The answer is simple.

Men can start putting in some of the work women have long done in offering testimony. They can come forward and say ‘me too’ while sharing how they have hurt women in ways great and small…It would equally be a balm if men spoke up about the times when they witnessed violence or harassment and looked the other way or laughed it off or secretly thought a woman was asking for it. It’s time for men to start answering for themselves because women cannot possibly solve this problem they had no hand in creating.”

So you want to be a writer (or editor)? Here are 6 things to think about first

A lot of people ask me for advice about becoming a professional writer or editor. Maybe because of my credentials, or my good looks. More likely it’s because they want to work from home and wear nap socks all day.

Now, by definition, my advice is limited to what I know best (although you’ll notice that doesn’t stop me from issuing 1700 words on the matter), so this list is aimed at those of you who will end up in [editorial/comms/staff writing/copywriting/freelancing/content marketing] roles. Sorry, J-school folks; I’ve artfully sidestepped your territory here.

With that in mind, here are some of the questions I get asked most often, and a few observations I hope will help you. Read On…

Without systems, content marketing is a bust

Creating content for your business is a long-term play. Not that there aren’t search and traffic benefits — there are — but as search engines get smarter, content marketers need to get smarter too by prioritizing customer value over short-term wins. The most pressing problem is: how do you achieve that while also achieving business objectives?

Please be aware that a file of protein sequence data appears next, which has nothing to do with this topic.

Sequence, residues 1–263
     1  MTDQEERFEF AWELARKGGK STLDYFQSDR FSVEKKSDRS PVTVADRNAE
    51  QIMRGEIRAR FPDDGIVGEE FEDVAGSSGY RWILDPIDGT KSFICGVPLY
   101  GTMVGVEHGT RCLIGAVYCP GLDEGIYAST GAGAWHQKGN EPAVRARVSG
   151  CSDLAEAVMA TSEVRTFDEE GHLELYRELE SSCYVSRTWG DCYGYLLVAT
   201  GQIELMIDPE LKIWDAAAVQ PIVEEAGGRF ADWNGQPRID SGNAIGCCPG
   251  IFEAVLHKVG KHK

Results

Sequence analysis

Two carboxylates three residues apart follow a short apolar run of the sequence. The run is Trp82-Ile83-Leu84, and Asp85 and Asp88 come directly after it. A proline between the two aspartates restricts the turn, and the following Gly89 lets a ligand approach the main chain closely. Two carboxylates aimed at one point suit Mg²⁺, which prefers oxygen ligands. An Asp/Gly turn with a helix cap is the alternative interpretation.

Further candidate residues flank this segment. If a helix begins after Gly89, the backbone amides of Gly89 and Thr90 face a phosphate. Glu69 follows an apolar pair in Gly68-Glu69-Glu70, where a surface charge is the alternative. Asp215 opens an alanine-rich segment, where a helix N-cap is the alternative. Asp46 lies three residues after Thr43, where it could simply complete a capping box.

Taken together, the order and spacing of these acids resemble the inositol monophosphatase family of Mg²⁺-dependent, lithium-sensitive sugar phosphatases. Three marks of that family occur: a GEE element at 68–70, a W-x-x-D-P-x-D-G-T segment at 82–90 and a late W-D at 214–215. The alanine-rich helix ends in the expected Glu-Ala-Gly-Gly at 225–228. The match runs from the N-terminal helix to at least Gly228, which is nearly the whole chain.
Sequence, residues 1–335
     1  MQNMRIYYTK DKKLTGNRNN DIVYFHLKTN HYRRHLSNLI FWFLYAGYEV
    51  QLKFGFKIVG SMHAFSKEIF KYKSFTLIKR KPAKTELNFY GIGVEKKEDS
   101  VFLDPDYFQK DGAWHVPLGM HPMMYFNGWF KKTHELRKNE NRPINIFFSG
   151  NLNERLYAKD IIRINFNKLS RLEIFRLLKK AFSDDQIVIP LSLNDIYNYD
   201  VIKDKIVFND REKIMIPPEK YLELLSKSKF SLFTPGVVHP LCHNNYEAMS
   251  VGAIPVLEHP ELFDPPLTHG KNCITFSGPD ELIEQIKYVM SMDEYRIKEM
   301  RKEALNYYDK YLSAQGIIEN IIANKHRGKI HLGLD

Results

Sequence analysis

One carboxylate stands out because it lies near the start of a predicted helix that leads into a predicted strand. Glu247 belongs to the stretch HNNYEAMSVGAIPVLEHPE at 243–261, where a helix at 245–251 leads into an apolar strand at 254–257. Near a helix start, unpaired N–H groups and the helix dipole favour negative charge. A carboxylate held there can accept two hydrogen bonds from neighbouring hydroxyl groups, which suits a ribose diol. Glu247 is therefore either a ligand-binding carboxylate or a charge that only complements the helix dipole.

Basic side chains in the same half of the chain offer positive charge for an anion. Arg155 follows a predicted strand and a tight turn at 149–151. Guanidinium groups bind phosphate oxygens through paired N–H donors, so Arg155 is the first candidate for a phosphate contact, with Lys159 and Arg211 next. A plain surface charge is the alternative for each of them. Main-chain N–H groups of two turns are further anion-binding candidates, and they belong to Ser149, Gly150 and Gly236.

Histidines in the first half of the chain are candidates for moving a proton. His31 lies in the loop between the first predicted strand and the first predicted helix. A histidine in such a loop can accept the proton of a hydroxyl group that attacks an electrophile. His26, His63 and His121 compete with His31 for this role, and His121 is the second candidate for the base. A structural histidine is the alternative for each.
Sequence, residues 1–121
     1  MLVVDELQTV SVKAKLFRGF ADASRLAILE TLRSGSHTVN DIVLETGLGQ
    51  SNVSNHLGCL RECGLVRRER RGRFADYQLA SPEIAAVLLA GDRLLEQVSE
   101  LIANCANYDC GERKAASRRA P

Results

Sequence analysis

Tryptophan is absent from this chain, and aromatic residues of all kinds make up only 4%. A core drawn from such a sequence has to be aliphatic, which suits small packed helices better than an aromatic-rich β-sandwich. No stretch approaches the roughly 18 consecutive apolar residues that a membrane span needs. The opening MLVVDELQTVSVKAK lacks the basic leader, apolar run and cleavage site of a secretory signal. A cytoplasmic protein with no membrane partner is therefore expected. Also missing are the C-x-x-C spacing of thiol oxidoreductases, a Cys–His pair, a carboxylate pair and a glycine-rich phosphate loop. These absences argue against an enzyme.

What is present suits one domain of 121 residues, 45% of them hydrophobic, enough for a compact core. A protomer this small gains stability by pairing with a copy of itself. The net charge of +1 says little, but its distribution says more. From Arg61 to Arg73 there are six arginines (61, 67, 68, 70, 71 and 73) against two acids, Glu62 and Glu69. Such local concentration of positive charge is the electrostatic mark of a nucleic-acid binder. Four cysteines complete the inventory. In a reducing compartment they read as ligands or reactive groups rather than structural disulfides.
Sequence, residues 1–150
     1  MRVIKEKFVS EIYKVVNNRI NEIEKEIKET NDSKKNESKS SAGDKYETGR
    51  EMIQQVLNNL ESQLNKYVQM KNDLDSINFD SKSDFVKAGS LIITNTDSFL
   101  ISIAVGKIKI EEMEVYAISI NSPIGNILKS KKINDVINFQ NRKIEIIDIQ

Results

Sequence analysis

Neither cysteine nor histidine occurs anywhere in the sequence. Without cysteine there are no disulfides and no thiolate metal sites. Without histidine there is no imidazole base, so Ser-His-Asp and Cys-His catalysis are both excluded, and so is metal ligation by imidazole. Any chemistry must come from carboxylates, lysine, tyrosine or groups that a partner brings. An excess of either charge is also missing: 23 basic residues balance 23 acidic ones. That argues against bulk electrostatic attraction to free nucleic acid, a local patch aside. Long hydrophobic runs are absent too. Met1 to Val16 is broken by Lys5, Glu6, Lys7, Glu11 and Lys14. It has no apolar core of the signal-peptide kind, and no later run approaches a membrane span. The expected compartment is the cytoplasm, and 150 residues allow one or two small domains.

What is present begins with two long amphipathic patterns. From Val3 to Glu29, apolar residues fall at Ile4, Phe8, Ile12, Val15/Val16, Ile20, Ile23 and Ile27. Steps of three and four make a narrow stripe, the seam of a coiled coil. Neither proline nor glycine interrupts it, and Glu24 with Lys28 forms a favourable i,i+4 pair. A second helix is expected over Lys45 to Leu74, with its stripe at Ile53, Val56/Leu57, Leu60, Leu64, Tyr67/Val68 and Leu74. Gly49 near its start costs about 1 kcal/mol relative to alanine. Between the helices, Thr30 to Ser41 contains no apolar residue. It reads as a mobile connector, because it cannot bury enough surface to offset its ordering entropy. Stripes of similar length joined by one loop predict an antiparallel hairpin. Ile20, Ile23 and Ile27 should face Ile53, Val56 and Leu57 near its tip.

One issue is that people prize things like links and disregard the opportunity to create content that meets more complex search demands. But I also think it’s unclear what kind of content creates value, for the organization and the customer. Read On…

Is your ghostwriter making you look like bad?

If they are, it’s probably your fault.

Content is now a game nearly every business is playing, and I think it’s great. Done well, content marketing — even at the most elementary level — can lead to big rewards.

However, the reality is few people have time to craft business content that actually drives results. Yes, there are a handful of entrepreneurs and VCs and solopreneurs who do a swell job writing excellent, in-depth content that I am actually envious of — and I say that as someone who used to get paid to do that (these days I edit more than I ever write) — but they are almost certainly outliers. Read On…

I would not trade those late-night client emails for anything. This is why

The best — and hardest — thing I ever did was start a business. I didn’t do it for freedom. I did it for math: people wanted to pay me to do things I already did. And I needed work that wasn’t tethered to one country.

So I sat on my roof in Mexico, watching the sun set over the Sea of Cortez, and I brainstormed business names with my husband. A few days later, we drove across the fourlane to Staples and printed out our very first business cards, which we hand-cut.

I don’t run that business anymore, and we changed cards many times thereafter, but I still have one of those first pieces of cardstock. It has a drawing of a little bird holding a loop of pink string in its beak: a reminder. Read On…